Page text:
- Chapter 1: Structure and Bonding
- Chapter 10: Alkenes
- Chapter 11: Alkynes
- Chapter 12: Oxidation and Reduction
- Chapter 13: Mass Spectrometry and Infrared Spectroscopy
- Chapter 14: Nuclear Magnetic Resonance Spectroscopy
- Chapter 15: Radical Reactions
- Chapter 16: Conjugation, Resonance, and Dienes
- Chapter 17: Benzene and Aromatic Compounds
- Chapter 18: Electrophilic Aromatic Substitution
- Chapter 19: Carboxylic Acids and the Acidity of the OH Bond
- Chapter 2: Acids and Bases
- Chapter 20: Introduction to Carbonyl Chemistry; Organometallic Reagents; Oxidation and Reduction
- Chapter 21: Aldehydes and KetonesNucleophilic Addition
- Chapter 22: Carboxylic Acids and Their DerivativesNucleophilic Acyl Substitution
- Chapter 23: Substitution Reactions of Carbonyl Compounds at the ` Carbon
- Chapter 24: Carbonyl Condensation Reactions
- Chapter 25: Amines
- Chapter 26: CarbonCarbon Bond-Forming Reactions in Organic Synthesis
- Chapter 27: Carbohydrates
- Chapter 28: Amino Acids and Proteins
- Chapter 29: Lipids
- Chapter 3: Introduction to Organic Molecules and Functional Groups
- Chapter 30: Synthetic Polymers
- Chapter 4: Alkanes
- Chapter 5: Stereochemistry
- Chapter 6: Understanding Organic Reactions
- Chapter 7: Alkyl Halides and Nucleophilic Substitution
- Chapter 8: Alkyl Halides and Elimination Reactions
- Chapter 9: Alcohols, Ethers, and Epoxides
Organic Chemistry 3rd Edition - Solutions by Chapter
Full solutions for Organic Chemistry | 3rd Edition
A reaction that achieves the addition of water across a double bond in the presence of an acid catalyst.
A group that is formed by removing a hydrogen atom from an alkane. (Section 25.3)
The mass of an atom in atomic mass units. (3.1)
A method for preparing primary amines that avoids the formation of secondary and tertiary amines.
boiling-point elevation (DTb).
The boiling point of the solution (Tb) minus the boiling point of the pure solvent (T° b). (12.6)
Structural isomers of coordination compounds in which the ligands within the coordination sphere differ. (Section 23.4)
Infrared (IR) spectroscopy
A spectroscopic technique in which a compound is irradiated with infrared radiation, absorption of which causes covalent bonds to change from a lower vibration state to a higher one. Infrared spectroscopy is particularly valuable for determining the kinds of functional groups present in a molecule.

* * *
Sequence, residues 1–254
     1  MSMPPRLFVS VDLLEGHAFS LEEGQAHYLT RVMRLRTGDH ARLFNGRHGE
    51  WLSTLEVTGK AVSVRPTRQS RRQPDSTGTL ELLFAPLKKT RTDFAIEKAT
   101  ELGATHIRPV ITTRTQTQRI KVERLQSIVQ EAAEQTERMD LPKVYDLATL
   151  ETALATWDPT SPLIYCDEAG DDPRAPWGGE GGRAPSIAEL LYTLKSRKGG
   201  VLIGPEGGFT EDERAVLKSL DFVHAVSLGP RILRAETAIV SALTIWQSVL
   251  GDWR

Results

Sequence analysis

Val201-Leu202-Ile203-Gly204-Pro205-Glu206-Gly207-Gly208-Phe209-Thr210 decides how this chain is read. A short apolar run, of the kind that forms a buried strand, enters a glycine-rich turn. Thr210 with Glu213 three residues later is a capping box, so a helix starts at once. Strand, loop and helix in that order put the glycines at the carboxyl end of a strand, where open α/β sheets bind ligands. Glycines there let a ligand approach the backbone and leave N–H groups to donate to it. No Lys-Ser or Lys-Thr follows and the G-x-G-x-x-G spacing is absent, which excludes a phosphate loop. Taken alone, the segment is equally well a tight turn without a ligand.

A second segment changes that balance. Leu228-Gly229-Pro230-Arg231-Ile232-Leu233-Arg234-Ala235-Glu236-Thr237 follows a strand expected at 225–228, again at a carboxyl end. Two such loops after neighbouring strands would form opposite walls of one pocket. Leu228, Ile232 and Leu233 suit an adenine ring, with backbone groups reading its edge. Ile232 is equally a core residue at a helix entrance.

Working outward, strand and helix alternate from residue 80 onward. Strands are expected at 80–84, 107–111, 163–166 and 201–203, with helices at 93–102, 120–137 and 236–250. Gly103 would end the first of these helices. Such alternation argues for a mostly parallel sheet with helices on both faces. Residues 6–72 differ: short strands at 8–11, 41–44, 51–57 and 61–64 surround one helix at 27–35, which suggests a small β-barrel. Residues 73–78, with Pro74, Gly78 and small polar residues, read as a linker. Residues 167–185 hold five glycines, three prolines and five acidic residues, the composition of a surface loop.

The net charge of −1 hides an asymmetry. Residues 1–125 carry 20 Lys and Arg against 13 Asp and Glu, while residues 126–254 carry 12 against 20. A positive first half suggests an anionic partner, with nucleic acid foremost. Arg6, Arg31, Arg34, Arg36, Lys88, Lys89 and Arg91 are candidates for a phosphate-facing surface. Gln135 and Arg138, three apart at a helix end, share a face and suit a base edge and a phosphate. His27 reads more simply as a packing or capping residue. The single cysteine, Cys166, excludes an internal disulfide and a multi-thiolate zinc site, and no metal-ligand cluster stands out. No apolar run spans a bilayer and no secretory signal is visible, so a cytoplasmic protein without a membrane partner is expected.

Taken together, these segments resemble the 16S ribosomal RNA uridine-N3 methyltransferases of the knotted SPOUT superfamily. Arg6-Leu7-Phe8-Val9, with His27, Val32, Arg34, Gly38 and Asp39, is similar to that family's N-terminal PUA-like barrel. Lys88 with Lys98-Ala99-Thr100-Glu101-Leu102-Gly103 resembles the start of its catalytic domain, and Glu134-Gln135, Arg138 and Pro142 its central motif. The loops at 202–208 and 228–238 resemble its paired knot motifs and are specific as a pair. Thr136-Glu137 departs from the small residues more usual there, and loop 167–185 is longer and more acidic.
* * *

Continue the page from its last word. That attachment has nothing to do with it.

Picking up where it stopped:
A compound composed of cations and anions. (Section 2.7)
In additionreactions, the observation that the hydrogen atomis generally placed at the vinylic position alreadybearing the larger number of hydrogen atoms.
The concentration of a solution expressed as moles of solute per liter of solution; abbreviated M. (Section 4.5)
Radiation that does not have sufficient energy to remove an electron from a molecule. (Section 21.9)
Nucleophilic aromatic substitution
A reaction in which a nucleophile, most commonly a halogen, on an aromatic ring is replaced by another nucleophile.
The observation that second-row elements (C, N, O, and F) will form the necessary number of bonds so as to achieve a full valence shell (eight electrons).
An instrument for measuring the ability of a compound to rotate the plane of plane-polarized light.
probability density 1c22
A value that represents the probability that an electron will be found at a given point in space. Also called electron density. (Section 6.5)
A species formed when a neutral molecule loses one electron; it contains both an odd number of electrons and a positive charge.
retention of configuration
During a reaction, when the configuration of a chirality center remains unchanged.
Tertiary structure of proteins
The three-dimensional arrangement in space of all atoms in a single polypeptide chain.
The study of the energy of chemical structures.
A reaction that converts an aldehyde or ketone into an alkene, with the introduction of one or more carbon atoms.
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